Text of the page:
In their absence darkness

grows, like new growth

on a dying branch. In


solitude, birds are silent.

Decaying light from

dying branches of palm


trees offer annunciation,

even resurrection. Their

silence brings us renewal.


What measurements do

we here have to offer?

Yet superannuated


light—dare we name

it miracle?—is light.

Holy silence pervades


the opportunities we

have if we dare listen

to darkness, the children


she bears when we are

in defeat. Light once

overcame its darkness.



children heard the good

news, they clapped and

sang, danced, and told


the empty air to boldly

ring the church’s bells.

When their parents hear


these acclimations,

they lock their doors

and close each shutter.




Shimon Speaks from His Cross:

     A Midrash on John 19:18

by Tim Vivian


There they crucified him,

and with him two others,

one on either side, and

Jesus between them.


He probably didn’t see me

die, twisted as he was, north,

as if trying to see Jerusalem.


I wondered what he could see.

He was being executed like

any ordinary bandit, like me.


I had wondered why they had

left the middle post free, with

me and Judas on each side.


Maccabeus: I saw it tattooed

on his wrist, not in Aramaic

but in Hebrew, the language


God spoke when he brought

everything into being, even

these crosses we lived on.


When they brought him, like

us, carrying that crossbeam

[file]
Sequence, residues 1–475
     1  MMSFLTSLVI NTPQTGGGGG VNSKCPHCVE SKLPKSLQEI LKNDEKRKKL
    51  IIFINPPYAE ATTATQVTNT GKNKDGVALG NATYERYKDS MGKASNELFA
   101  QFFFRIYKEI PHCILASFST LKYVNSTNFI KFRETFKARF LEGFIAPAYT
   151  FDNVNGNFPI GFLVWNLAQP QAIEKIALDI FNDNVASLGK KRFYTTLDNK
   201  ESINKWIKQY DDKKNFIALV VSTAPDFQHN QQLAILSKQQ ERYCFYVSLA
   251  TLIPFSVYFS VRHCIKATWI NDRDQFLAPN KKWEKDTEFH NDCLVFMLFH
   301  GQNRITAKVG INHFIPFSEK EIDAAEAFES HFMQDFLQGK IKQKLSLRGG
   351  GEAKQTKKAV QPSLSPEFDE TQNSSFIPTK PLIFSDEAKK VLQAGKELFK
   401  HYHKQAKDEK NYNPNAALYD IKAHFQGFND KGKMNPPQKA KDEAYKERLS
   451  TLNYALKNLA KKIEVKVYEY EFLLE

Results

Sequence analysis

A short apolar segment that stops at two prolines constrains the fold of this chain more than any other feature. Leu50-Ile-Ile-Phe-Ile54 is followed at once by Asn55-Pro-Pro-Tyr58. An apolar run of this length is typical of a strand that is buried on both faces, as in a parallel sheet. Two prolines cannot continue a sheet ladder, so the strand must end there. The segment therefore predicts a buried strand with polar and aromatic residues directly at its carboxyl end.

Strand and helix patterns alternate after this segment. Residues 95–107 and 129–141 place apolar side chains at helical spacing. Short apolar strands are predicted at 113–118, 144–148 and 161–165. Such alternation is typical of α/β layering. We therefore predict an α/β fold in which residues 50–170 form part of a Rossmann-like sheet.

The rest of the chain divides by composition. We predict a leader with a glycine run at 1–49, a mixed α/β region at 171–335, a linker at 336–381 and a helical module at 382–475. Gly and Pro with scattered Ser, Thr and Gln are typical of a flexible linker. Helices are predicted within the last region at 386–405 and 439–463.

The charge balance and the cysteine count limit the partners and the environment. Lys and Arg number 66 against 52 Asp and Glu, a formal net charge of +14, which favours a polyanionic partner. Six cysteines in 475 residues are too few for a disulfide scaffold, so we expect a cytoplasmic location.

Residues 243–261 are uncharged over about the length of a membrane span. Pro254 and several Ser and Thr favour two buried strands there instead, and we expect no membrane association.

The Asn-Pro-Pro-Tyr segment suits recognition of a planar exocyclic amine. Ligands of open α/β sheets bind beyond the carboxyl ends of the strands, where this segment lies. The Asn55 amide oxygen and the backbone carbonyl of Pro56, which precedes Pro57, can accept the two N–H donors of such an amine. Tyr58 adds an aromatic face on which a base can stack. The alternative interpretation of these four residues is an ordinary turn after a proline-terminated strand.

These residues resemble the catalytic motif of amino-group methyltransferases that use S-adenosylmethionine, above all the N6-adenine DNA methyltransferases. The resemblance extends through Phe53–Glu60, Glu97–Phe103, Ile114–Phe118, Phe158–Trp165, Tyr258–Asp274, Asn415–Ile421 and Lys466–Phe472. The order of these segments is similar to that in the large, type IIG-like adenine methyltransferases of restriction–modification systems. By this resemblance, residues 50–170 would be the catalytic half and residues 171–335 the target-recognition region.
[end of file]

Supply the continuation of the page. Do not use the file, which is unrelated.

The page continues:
across his shoulders, he had


a crowd. I had no one. His

followers were all women.

I didn’t understand that—


at least at first. When I did,

I was so far gone that it

looked to me like the sour


wine someone had given him

had mixed with his blood and

was running into the women’s



*     *     *

“Shimon” is “Simon”; “Judas”

was a very common name in

Jesus’ day. The Judas of the

poem is named after Judas

Maccabeus, leader of the

Maccabees, Jewish freedom

fighters 200 years earlier.




One of the musicians, Brandon Todd, was interviewed about the creative process in writing a song.

What was the name of the song?

The name of the song that I wrote, played, and sang was called “Love Song.” It was originally about a girl I was starting to “fall in love” with in my early high school days (long term). The only difference is (especially from other typical love songs) is that I am questioning on it because I’m very cautious and don’t want to hurt her or me. Because to me, it had to be “Love,” and not REAL LOVE because of the age I was. There was no way to me that I found REAL LOVE that quickly in my years of living. Hence, the name “Love Song,” with quotes on it. Later on in my senior year, I noticed that it could also pretty much mean anything other than girl/boy love. It could be a dream, family, etc.


What influenced you to write songs?

I started mostly in my sophmore year of high school. It was after that first part of the year when I got an electric guitar for my birthday. Then I started playing and practicing, soon joining a guitar club. Then I met a friend who seemed interested in writing and playing songs (later on he moved, I also didn’t think I’d be doing much with my writing, in my young mind thinking of it as just for fun). During all of that, I found out I was capable of singing during a guitar club session. My writing, playing, and singing only grew from there. My main influence was Green Day (my FAVORITE), but all this mainly played out in my life.


What was it like to play at Dagny’s Coffee?

It was interesting for me. It wasn’t much different from performing that song in a classroom my senior year.



Another thoughtful and entertaining evening at Dagny’s Coffee Open Mic.